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Baltimore gears up for a showdown with a trio of state-level Democrats who want to strip cities of the ability to control minimum wage and sick days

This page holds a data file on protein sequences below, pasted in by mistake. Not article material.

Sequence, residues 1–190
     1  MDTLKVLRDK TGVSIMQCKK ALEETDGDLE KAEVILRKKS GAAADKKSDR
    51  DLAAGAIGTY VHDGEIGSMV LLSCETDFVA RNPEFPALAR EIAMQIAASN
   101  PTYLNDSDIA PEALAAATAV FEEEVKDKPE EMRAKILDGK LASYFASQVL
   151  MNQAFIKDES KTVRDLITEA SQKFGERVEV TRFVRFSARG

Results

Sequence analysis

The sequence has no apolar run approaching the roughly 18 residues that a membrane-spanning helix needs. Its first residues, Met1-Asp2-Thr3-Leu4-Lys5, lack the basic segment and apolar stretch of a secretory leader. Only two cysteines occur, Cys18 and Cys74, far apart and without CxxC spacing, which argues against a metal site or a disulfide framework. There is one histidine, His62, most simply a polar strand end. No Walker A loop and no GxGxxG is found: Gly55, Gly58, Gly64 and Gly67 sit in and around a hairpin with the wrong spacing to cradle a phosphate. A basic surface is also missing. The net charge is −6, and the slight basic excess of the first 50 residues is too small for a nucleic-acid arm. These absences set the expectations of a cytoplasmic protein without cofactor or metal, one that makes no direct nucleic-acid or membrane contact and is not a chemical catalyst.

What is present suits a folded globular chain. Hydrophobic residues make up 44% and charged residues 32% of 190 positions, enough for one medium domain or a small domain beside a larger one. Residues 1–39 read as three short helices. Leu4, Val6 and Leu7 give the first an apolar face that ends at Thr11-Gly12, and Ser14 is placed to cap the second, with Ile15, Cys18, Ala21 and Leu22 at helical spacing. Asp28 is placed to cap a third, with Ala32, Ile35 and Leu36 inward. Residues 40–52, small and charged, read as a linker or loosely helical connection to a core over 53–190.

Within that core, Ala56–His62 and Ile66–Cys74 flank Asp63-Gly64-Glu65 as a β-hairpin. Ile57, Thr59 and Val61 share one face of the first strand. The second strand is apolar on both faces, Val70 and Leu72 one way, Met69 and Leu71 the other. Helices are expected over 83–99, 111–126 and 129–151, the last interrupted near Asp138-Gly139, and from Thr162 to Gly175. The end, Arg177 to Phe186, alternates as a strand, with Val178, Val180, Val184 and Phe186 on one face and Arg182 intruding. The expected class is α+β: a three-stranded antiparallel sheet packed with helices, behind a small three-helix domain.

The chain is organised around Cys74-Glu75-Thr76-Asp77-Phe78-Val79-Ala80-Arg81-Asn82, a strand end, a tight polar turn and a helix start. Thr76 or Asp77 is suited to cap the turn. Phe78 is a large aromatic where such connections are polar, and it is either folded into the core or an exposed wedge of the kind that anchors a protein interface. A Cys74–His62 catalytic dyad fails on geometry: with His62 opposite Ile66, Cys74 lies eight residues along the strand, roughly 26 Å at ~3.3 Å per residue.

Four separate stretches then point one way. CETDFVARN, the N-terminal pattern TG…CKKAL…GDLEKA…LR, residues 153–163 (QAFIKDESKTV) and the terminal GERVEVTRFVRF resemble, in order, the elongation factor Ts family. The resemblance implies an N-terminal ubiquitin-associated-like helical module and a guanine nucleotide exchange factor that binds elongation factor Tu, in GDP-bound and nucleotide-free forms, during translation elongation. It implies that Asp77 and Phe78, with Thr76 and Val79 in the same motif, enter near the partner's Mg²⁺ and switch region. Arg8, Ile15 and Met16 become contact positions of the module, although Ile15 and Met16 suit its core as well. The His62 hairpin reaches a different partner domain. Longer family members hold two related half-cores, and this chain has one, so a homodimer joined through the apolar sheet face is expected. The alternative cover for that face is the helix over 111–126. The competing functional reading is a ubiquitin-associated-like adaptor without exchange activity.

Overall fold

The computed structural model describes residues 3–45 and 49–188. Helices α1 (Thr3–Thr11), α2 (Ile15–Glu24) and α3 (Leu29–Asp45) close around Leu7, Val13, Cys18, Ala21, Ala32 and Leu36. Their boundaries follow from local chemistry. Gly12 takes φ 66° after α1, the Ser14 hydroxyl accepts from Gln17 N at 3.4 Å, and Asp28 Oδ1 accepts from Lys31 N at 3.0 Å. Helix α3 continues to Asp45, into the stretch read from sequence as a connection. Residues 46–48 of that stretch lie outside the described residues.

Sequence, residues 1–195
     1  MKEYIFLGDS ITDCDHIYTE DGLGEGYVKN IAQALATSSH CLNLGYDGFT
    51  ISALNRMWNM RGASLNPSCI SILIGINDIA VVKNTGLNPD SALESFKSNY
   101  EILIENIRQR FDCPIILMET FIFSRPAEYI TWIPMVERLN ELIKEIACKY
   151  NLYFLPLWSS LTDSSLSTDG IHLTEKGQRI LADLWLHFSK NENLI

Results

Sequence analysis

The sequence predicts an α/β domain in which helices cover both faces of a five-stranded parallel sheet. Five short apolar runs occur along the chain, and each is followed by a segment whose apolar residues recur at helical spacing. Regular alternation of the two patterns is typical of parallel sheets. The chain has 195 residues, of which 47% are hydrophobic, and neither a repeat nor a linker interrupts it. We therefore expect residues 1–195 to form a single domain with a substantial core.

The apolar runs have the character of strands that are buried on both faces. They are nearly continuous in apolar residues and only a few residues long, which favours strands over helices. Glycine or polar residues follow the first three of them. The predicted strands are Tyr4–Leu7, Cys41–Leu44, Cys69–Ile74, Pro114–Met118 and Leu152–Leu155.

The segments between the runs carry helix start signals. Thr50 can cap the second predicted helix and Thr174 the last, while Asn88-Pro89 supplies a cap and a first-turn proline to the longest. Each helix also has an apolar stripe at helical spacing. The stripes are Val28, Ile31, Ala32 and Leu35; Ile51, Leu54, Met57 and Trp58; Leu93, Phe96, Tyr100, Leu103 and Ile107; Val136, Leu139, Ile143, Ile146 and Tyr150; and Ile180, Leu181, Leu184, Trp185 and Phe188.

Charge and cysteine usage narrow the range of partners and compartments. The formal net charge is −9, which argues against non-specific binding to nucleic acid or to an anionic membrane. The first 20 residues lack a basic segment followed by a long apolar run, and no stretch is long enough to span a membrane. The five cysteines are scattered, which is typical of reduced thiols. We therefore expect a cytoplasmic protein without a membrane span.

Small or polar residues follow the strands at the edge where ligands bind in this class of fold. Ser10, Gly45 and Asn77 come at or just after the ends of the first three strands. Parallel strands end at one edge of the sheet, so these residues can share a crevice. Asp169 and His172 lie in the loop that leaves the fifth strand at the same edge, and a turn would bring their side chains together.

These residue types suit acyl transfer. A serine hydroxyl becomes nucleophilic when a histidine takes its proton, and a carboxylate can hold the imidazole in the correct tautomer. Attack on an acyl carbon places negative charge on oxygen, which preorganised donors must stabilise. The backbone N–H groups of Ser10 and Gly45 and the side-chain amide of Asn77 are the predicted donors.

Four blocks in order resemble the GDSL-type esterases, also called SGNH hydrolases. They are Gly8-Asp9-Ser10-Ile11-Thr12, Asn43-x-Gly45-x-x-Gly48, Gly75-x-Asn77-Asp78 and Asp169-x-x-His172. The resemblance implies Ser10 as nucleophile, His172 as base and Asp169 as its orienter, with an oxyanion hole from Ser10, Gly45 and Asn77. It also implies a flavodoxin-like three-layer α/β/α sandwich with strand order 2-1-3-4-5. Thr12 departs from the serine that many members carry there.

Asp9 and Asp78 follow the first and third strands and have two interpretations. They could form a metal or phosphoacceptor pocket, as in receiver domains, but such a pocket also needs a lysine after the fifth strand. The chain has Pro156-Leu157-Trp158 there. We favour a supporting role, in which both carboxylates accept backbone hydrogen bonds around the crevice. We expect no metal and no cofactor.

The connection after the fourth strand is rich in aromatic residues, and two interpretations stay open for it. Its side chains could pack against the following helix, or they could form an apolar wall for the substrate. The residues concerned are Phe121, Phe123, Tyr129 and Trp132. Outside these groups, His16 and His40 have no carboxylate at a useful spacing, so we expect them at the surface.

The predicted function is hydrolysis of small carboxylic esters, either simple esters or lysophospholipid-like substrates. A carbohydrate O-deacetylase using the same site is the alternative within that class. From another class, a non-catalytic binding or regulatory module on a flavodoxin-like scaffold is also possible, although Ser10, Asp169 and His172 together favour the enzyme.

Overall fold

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JAISAL NOOR: The Baltimore City Council introduced a $15 minimum wage bill on Monday, setting up a showdown with the trio of Democratic state legislators, who on Tuesday are holding a hearing for a measure that would ban cities in Maryland, from raising the minimum wage. Councilwoman, Mary Pat Clarke, introduced the measure, which is also being supported by Council President, Jack Young. MARY PAT CLARKE: Baltimore City is finally setting out to correct the injustices, which have kept our city divided for generations. High on the agenda must be to close the growing economic gap, between the haves and have-nots in our city government, and private sector workforces. JACK YOUNG: I had few calls today with some business people who were not happy about my stance. But, we can’t have it both ways. This is a compromise bill, and I’m looking forward to moving this bill through the Council, making sure that we get this thing done, and maybe the state will follow the city once again. Thank you. JAISAL NOOR: A measure for a $15 minimum wage fell short in 2016. But this measure has received broader support –- with a major concession. Small businesses with fewer than 50 employees, wouldn’t reach a $15 wage until 2026. The bill would also not apply to workers under the age of 21. Several new council people supported the measure, including Shannon Sneed, of District 13. SHANNON SNEED: I’m here to support Maryland working families. I’m excited that it’s coming to the Labor Committee, and so we look forward to talking about it there. And I will be looking forward to folks putting input, who are Maryland working families. Thank you all. JAISAL NOOR: Mayor Catherine Pugh’s office said they have not taken a position on the bill, but it already has 10 co-sponsors. If 12 members back it, it would have a veto-proof majority. The move in Baltimore is in line with measures passed across the country, and states like New York and California, that would also reach 15, by 2022. We could not reach an economist for immediate comment on the impact of delaying the $15 minimum wage for small businesses with 50 or fewer employees, but Mary Pat Clarke said it would affect about a quarter of the work force. They would get 15 an hour by 2026. A study done on the impact of last year’s version of the bill, found it would lift wages for almost 100,000 workers. On Tuesday, The Real News will be covering a hearing in Maryland State House, over House Bill 317. That would pre-empt cities from raising the minimum wage, or giving sick days, it is being spearheaded by three Democratic state legislators. Including Dereck Davis, the Chairman of the powerful Economic Matters Committee. Davis’s office has told us he’s not speaking to the media until tomorrow’s hearing. MARY PAT CLARKE: Which would take all, pre-empt, every local subdivision in the state of Maryland, from setting minimum wages. Now, we set minimum wages here under our authority in Baltimore way back, for example, in 1964, when we finally said -– I wasn’t around, actually –- when they finally said, “Hey, everybody, the feds aren’t doing anything, and we’re starving to death, let’s raise the minimum wage.” That’s a good tradition to follow. Cities are leading all over the nation. We’re a veritable Women’s March, in terms of taking action and coming together, to take care of one another. That’s what people said we needed to do in this environment, and that’s what we plan to do here, in this Baltimore City Council. JAISAL NOOR: Such measures are normally backed by the far right. A similar provision was included in North Carolina’s Anti-LGBT Bill, passed last year. Many opponents of Raise the Minimum Wage said it put small businesses at a disadvantage. But economists we have spoken to say those concerns are unfounded. DAVID COOPER: Let’s talk through what happens when you raise the minimum wage. We have a pretty good understanding of all the various effects, because we’ve raised minimum wages, hundreds –- literally hundreds –- of times over the last 35 years. What we know happens when the minimum wage goes up, is that low-wage workers earn more. On the business side, turnover tends to go down, because workers are earning a little bit more, they don’t feel like they need to go out and find another job. And that’s actually a large expense for a lot of small businesses, dealing with turnover costs, because the low-wage labor market is full of churn, people moving in and out of jobs all the time. Prices do tend to go up slightly, because businesses do have to absorb these additional labor costs. But, the price increases that we’ve seen from previous increases in the minimum wage, have been very small. We’re talking on the order of a few cents on the dollar. So, you know, most businesses are able to absorb those additional labor costs through the combination of savings they’re getting in their recruitment, hiring and training costs, as well as passing on some additional cost onto consumers, in the form of higher prices. In terms of the job effects, because they’re able to absorb those costs in that way, we’ve never seen any significant loss of jobs from increases in the minimum wage. And I think it’s because of those offsets that the businesses are able to achieve. As well as the fact that they might actually start to see some higher demand for their goods and services from the additional dollars that are circulating in the local economy, as a result of the higher minimum wage. JAISAL NOOR: Stay tuned to for updates on this story. This is Jaisal Noor. ————————- END

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